Higher Operating Profit indicates higher revenue realization with lower operating expenses.

    Profit before Depreciation Interest and Taxes (PBDIT)

    Profit before depreciation interest and taxes (PBDIT) is the main profit or the cash inflow from the business operation without considering the depreciation, Interest and taxes paid. It is calculated from operating profit after adding other incomes if any. If there is no other income from any other sources, PBDIT will be same as operating profit. This is also popularly known as Earnings before interest, taxes, depreciation, and amortization or EBITDA

    Profit before Interest and Taxes (PBIT)

    Profit before Interest and Taxes is calculated from Profit before depreciation interest and taxes or EBITDA after deducting the depreciation or amortization charges if any.

    PBIT or EBIT = EBITDA – Depreciation or Amortization

    Profit before Tax (PBT)

    Profit before Tax is calculated after deducting the interest expenses from the PBIT (Profit before Interest and Taxes). Companies pay interest on its long term loans, short term loans and bond issued to its investors to raise money. Higher interest can erase all the profits earned by the company and zero interest gives the company significant financial advantage.

    Tax

    Tax in the income statement (Profit & Loss Statement) refers to the corporate taxes paid to the government out of its profit. The taxes paid depend on the profit and the applicable corporate tax rates. Here Tax refers to the combination of all type of taxes paid by the company for its business operation. Dividend payout and ESOP are not part of normal business operations, so taxes paid towards the same won’t come under this category.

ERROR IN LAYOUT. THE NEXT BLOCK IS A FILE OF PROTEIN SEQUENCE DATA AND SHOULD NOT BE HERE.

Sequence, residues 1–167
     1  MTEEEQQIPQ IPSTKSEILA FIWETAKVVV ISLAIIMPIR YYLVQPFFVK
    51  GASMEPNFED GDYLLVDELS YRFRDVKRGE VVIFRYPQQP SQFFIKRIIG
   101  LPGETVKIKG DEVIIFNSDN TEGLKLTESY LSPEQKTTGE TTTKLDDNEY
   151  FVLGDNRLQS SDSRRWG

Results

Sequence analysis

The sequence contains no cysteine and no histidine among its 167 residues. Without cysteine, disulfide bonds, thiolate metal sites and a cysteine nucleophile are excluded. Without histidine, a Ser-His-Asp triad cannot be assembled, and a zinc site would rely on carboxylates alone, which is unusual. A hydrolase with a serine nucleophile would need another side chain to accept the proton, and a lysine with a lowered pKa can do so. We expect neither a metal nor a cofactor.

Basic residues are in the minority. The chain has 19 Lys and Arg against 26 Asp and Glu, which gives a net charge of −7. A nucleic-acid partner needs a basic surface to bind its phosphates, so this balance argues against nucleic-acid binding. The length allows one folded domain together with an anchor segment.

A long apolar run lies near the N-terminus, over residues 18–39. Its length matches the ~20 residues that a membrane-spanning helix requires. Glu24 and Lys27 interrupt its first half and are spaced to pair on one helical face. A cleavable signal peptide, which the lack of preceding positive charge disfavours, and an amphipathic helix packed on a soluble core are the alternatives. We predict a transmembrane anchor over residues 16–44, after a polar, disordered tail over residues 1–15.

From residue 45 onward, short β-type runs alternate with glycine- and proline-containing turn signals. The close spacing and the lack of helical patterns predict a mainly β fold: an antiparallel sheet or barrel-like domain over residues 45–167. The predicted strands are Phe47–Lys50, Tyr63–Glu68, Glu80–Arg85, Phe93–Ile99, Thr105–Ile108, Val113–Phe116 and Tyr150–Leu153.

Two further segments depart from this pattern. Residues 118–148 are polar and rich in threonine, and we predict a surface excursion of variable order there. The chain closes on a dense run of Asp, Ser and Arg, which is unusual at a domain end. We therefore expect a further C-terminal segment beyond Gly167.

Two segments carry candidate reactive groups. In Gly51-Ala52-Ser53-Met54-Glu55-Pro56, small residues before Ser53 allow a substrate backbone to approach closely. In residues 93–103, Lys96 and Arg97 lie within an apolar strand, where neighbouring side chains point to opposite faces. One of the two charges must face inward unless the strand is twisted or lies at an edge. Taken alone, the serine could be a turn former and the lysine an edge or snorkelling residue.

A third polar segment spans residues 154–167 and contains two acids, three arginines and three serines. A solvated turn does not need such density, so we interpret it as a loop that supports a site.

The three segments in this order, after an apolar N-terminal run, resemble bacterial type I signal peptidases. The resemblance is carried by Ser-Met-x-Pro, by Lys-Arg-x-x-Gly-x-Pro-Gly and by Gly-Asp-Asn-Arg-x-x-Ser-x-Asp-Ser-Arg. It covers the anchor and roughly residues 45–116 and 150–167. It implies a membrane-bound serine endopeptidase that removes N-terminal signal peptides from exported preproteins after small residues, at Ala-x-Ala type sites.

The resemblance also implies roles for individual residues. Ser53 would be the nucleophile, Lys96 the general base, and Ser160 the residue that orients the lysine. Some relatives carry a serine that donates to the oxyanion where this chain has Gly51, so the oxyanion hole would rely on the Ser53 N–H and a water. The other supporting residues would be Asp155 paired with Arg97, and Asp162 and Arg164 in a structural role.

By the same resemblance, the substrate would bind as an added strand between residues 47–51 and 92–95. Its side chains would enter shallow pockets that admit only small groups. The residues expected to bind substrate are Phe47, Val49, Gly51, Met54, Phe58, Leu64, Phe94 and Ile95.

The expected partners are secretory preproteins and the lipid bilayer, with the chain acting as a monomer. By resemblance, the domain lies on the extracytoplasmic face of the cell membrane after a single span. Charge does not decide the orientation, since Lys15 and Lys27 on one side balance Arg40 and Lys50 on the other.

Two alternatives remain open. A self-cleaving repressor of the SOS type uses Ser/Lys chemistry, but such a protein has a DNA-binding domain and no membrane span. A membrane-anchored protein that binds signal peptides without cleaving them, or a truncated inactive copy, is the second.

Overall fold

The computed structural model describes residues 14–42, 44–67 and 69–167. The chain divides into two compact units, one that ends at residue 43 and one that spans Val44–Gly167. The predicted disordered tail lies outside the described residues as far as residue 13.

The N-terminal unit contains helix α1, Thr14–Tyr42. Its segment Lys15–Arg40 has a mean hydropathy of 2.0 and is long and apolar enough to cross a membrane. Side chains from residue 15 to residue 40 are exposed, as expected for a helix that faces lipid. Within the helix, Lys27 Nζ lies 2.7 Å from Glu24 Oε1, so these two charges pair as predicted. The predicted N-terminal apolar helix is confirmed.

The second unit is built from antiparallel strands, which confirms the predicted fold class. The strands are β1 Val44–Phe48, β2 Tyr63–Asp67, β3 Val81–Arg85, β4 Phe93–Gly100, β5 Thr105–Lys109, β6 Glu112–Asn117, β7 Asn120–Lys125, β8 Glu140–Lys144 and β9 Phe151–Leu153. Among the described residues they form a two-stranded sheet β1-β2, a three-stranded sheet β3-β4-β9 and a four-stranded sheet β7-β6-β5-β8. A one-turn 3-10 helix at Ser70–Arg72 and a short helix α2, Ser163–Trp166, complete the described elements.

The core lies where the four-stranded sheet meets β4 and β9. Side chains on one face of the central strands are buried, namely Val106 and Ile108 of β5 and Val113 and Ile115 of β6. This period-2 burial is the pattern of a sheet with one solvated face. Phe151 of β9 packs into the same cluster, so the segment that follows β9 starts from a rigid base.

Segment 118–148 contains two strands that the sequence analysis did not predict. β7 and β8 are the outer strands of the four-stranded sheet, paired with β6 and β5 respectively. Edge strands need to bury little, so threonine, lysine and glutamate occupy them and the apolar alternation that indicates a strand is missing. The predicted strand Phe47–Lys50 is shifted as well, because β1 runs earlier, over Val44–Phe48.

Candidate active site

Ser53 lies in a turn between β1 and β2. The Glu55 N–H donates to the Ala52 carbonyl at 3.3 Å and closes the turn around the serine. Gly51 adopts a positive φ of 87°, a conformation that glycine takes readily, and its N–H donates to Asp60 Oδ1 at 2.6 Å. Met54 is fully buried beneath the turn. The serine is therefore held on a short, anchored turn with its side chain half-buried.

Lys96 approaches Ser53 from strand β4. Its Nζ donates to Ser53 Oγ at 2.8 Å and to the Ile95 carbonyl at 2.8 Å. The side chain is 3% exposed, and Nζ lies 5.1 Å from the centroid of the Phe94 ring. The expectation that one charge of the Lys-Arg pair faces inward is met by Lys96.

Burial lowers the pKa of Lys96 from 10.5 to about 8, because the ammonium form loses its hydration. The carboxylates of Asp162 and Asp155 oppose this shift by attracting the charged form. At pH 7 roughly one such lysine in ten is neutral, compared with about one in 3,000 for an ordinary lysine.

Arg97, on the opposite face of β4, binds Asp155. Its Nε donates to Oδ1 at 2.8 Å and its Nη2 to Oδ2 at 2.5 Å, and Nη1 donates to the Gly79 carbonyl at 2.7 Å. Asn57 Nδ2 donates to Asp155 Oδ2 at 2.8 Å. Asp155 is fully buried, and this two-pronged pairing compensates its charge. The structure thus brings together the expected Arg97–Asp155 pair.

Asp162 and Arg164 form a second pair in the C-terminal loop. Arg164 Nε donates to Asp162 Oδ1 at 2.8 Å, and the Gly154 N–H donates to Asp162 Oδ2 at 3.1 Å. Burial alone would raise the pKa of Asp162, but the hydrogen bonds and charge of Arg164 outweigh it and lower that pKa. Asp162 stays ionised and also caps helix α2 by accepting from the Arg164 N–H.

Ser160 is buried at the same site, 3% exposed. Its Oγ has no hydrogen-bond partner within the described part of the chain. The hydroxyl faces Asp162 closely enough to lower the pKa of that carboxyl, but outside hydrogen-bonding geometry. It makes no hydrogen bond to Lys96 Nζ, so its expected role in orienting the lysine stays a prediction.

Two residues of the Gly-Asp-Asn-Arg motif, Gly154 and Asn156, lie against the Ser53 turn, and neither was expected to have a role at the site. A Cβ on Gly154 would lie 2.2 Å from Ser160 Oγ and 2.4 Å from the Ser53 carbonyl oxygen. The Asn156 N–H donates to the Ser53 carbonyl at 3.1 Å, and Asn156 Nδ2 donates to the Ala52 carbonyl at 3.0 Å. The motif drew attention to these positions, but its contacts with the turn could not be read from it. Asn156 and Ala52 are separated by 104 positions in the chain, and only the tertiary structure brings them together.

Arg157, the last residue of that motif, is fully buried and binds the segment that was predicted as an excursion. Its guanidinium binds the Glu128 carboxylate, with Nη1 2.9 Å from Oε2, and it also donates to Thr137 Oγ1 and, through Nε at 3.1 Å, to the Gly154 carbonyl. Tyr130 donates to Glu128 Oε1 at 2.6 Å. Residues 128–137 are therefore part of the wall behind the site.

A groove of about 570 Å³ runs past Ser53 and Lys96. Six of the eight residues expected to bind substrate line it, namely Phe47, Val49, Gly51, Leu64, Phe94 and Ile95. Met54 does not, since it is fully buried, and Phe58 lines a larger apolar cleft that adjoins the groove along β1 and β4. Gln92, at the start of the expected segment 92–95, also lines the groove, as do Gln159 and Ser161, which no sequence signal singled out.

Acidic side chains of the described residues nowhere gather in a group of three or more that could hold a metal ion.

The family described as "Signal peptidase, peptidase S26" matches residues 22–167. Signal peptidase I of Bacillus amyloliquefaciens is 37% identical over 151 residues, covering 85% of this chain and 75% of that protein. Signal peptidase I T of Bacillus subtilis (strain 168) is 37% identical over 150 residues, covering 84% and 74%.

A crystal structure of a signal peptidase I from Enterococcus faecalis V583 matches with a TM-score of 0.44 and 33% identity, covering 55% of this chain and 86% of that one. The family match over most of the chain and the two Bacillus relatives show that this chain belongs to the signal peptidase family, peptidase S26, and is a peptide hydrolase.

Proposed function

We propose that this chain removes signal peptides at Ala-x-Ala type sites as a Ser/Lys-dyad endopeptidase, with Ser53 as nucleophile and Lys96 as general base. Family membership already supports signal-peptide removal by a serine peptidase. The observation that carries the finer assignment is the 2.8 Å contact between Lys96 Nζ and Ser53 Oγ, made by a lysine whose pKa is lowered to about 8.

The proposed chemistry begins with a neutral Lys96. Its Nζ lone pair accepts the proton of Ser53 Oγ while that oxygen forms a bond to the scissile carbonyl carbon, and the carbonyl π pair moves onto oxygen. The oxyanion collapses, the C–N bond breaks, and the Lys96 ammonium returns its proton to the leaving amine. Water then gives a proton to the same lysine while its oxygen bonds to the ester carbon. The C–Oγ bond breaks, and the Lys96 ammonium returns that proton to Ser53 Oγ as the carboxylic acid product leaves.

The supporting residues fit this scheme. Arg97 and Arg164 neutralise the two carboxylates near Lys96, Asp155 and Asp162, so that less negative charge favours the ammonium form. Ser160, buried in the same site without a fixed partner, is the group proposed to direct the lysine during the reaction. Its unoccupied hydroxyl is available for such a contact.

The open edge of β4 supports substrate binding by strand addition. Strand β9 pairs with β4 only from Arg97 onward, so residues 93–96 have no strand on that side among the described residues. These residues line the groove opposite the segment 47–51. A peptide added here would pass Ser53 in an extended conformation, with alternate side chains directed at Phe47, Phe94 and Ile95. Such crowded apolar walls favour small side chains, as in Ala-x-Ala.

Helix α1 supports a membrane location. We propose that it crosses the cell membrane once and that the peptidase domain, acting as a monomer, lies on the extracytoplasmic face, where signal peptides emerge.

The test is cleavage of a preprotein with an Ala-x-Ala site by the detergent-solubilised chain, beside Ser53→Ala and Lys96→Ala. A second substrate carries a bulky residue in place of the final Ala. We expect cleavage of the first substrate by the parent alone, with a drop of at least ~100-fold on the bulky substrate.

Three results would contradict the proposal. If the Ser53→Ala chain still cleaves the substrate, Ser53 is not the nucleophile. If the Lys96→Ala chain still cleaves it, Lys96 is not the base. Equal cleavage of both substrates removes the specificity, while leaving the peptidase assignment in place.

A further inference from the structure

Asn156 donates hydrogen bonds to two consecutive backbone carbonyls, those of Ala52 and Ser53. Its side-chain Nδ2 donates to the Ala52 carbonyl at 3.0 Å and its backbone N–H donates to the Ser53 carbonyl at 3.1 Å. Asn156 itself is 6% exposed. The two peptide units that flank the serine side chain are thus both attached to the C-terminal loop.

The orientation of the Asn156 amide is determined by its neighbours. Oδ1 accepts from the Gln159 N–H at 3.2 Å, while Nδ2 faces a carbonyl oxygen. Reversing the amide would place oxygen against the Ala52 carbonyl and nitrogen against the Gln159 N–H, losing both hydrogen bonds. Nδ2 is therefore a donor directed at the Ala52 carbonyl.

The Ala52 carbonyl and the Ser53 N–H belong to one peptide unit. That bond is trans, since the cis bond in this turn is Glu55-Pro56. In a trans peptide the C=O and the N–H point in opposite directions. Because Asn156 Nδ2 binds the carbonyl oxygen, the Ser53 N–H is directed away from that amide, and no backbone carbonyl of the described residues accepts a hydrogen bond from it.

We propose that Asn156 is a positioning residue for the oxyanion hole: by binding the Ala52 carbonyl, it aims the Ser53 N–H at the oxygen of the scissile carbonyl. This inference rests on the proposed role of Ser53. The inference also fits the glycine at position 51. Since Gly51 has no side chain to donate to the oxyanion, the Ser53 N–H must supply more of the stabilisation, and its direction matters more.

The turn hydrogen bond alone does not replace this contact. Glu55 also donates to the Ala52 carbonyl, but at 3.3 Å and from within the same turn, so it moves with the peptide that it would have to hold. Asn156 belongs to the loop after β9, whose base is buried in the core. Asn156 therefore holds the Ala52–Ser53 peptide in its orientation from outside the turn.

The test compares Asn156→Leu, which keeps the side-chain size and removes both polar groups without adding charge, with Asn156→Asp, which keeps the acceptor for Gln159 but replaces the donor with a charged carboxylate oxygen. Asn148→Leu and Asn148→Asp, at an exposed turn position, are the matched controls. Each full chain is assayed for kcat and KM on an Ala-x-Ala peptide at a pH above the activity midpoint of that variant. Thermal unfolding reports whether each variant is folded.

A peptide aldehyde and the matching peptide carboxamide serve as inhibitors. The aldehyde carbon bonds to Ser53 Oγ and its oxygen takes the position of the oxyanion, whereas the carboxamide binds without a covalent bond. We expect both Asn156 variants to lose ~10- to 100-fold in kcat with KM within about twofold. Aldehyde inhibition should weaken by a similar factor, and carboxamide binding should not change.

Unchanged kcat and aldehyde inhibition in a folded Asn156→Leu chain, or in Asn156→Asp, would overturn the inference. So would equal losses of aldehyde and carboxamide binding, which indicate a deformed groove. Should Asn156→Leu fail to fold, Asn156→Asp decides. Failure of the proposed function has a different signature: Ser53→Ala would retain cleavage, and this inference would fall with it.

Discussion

Net Profit (PAT)

    Net Profit refers to the net earnings or income from the business operation. It denotes to the final cash the company generates during the whole period. Earnings or Net profit is used to pay dividends or keep as retained earnings for the future.

    Dividend

    Dividend denotes the amount paid out of net profit to all the shareholders of the company. Preference dividend is paid for preference shareholders and it is compulsory to pay the same after every quarter result declaration while normal dividend payment depends solely on the decision of the management.

    Retained Earnings

    Retained Earnings refer to the amount left with the company after paying all the dividends. This amount or cash is carried forward to future periods as reserve cash and increases the total reserve amount specified in the balance sheet. Companies keep retained earnings or cash reserves to improve its own cash position or to invest for expansions in future.

    One sample Income Statement for 12 months is shown below

    Profit and Loss Statement for 12

    Months

    Sales (A)

    15840

    Expenses (B)

    Cost of Goods Sold (C )

    7325

    Selling and Admin Expenses (D)

    3746

    Other Expenses (E )

    334

    Total Expenses (B=C+D+E)

    11405

    Operating Profit

    (F = A-B)

    4435

    Other Income (G)

    125

    PBDIT or EBITDA
    (H= F+G)

    4560

    Depreciation (I)

    360

    Profit before Interest and Taxes (PBIT)

    4200

    Ineterest Paid

    200

    Profit Before Tax (PBT)

    (P=H-I)

    4000

    Tax (T)

    1200

    Net Profit (PAT)

    (Q = P-T)

    2800

    Dividend (Div)

    700

    Retained Earnings

    (R = Q- Div)

    2100